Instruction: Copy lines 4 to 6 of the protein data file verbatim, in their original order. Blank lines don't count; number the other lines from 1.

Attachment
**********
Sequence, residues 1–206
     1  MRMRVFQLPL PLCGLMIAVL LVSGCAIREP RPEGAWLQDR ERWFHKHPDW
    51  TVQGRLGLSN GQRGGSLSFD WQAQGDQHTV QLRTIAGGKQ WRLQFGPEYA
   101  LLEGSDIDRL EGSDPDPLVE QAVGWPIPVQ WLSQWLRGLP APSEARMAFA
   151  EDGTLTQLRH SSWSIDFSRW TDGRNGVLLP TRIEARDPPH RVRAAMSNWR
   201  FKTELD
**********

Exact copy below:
   101  LLEGSDIDRL EGSDPDPLVE QAVGWPIPVQ WLSQWLRGLP APSEARMAFA
   151  EDGTLTQLRH SSWSIDFSRW TDGRNGVLLP TRIEARDPPH RVRAAMSNWR
   201  FKTELD